What would a divided Congress do after the midterms?

Kevin McCarthy and Chuck Schumer, who could each control a branch of Congress in 2023.
Photo: Ron Sachs-Pool/Getty Images

Thanks to an improved electoral landscape for Democrats in general and some ill-fated selections of GOP nominees for the Senate in particular, the odds of Democrats clinging to control of the upper house have improved significantly lately. Right now, FiveThirtyEight is giving Democrats a 63% probability maintain a majority in the Senate when Congress reconvenes in January 2023.

The Democratic odds of winning the House again have also improved, but not enough to make it a good betting proposition: FiveThirtyEight gives Republicans a 78% probability to overthrow the House, as one would expect midterm, with the party controlling the White House holding a narrow four-seat majority. On the three occasions since World War II when a president’s party lost fewer than five House seats in midterm elections (1962, 1998, and 2002), the president’s job approval rating was greater than 60%. While Joe Biden’s approval rating has finally stopped falling and is slowly improving, he’s miles away from that kind of popularity.

This means that the fragile ruling Democratic trio held during Biden’s first two years in office will soon come to an end and, as in 45 of 77 years old since World War II, we will have a divided government in Washington. So what will it look like?

In the previous century, when the country was less ideologically polarized, presidential parties could often form bipartisan coalitions even without a ruling trifecta. But in recent decades, particularly with the rise of senatorial filibuster as a routine filibuster device, a divided government has often meant stalemate and discord. The 117th Congress from 2019 to 2020 provided a good example. It all started with the longest government shutdown ever, the GOP-led Senate has become a machine for Endorse Trump Judicial Candidates, and the Democratic-led House became engrossed in Trump’s investigations, culminating in impeachment proceedings. There was little legislative activity until the COVID outbreak exploded and the White House and Congress were afraid to pass the $2 trillion CARES Act.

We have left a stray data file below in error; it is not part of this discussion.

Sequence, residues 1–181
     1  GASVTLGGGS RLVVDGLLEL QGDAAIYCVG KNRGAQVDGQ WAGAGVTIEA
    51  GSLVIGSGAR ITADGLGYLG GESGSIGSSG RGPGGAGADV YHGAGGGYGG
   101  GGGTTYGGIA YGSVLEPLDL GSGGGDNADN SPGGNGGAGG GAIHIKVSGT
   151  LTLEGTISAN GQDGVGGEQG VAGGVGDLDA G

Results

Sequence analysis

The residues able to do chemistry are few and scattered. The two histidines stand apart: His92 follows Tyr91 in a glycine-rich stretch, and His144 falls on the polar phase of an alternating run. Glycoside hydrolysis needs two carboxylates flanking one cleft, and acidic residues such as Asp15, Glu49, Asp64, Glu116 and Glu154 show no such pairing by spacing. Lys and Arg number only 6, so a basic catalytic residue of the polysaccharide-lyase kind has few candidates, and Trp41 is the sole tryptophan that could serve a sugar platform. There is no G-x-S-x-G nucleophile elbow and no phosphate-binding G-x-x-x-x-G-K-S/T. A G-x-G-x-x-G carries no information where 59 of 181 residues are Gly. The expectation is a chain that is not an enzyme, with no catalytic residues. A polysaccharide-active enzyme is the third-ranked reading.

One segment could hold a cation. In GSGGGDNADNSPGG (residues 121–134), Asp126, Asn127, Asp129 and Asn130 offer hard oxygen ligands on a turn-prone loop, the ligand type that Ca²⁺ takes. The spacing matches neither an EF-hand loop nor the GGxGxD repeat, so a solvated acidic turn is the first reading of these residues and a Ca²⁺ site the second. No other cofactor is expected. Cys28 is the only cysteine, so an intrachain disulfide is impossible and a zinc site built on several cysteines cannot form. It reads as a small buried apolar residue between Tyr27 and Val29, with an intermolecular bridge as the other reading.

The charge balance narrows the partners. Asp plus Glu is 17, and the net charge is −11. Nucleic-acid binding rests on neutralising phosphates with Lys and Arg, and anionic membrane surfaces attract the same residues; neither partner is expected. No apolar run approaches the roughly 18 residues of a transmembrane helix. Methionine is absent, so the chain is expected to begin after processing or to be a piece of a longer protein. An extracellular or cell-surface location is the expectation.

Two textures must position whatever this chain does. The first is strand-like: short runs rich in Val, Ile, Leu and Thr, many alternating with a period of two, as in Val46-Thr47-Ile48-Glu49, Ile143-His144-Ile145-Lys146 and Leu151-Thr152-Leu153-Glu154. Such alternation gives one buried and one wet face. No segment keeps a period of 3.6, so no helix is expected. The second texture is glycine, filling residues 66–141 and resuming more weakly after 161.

The next two years probably won’t be quite as crazy, even if the midterm elections deliver a divided Congress, but here are some factors we can anticipate with some certainty.

In the current Congress, all but a few Senate Democrats were intent on killing or drastically curtailing the filibuster, allowing 41 senators to stop any legislation that isn’t part of a bill. budget reconciliation. If the Republicans take control of the House, there will be no real point in killing the filibuster since the House will be able to stop any legislation the Senate Republicans want to make of the filibuster. So Congress still won’t have true majority rule until the Democrats or Republicans find a trifecta.

German budget legislation that only requires a majority vote is the quickest way around the filibuster. This is how Republicans enacted tax cuts in 2017 before losing control of the House and how Democrats signed into law both the US bailout stimulus legislation in early 2021 and the the inflation cut that President Biden signed into law earlier this month. You can forget that in a divided Congress, in which the leadership of each chamber sets the agenda and controls the floor.

If Democrats retain the Senate, Biden will continue to benefit from early confirmation of his top administrative and federal judicial appointments, as those types of appointments are already filibuster-exempt. So if Democrats were to find themselves with another Supreme Court vacancy in Biden’s first term, they should have no problem filling it.

Anyone who remembers the Benghazi mess and other obsessive investigations the House has undertaken over the last six years of the Obama administration can have an idea of ​​how Kevin McCarthy and his troops will spend their time over the next two years if they control the chamber. Following the recent FBI operation at Mar-a-Lago, McCarthy more or less promised to go nuts as soon as he grabbed the hammer:

The Trump-dominated House GOP will have no problem rationalizing a menu of investigations as a payback for what House Democrats have done to the former president over the past few years. In fact, the narrower McCarthy’s margin of control, the more vulnerable he could be to a revolt by the ultra-MAGA faction of his caucus, which would push him to support all manner of outrageous House investigations. It wouldn’t take much pressure for Biden’s sense of impeachment to mount.

Party control of the House rarely changes in a presidential election year, but if Congress emerges from this year’s tightly divided midterms, 2024 could be an exception. Meanwhile, the Senate landscape in 2024 is very pro-Republican: Democrats will defend 23 Senate seats, six in states formerly carried by Trump, while Republicans will defend only ten seats, all in states that Trump has won twice.

The paramount contest, of course, will be for the presidency, and whether Trump or one of his proteges is the GOP nominee, the Democrats really need to win. If they don’t, then clinging to a divided government could be critical for democracy, as well as for Democrats.

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About Michael S. Montanez

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